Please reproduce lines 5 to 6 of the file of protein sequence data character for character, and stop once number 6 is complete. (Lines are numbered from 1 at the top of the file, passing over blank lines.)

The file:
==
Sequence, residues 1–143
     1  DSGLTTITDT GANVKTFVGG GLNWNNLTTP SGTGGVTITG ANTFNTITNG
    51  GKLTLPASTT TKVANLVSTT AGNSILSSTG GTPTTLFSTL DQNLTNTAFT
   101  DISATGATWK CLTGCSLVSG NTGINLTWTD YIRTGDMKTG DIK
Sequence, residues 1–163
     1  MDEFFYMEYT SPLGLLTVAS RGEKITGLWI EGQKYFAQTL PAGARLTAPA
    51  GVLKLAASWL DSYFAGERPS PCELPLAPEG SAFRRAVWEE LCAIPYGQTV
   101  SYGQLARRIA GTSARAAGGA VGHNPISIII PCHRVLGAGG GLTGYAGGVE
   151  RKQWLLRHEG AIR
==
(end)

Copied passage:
Sequence, residues 1–163
     1  MDEFFYMEYT SPLGLLTVAS RGEKITGLWI EGQKYFAQTL PAGARLTAPA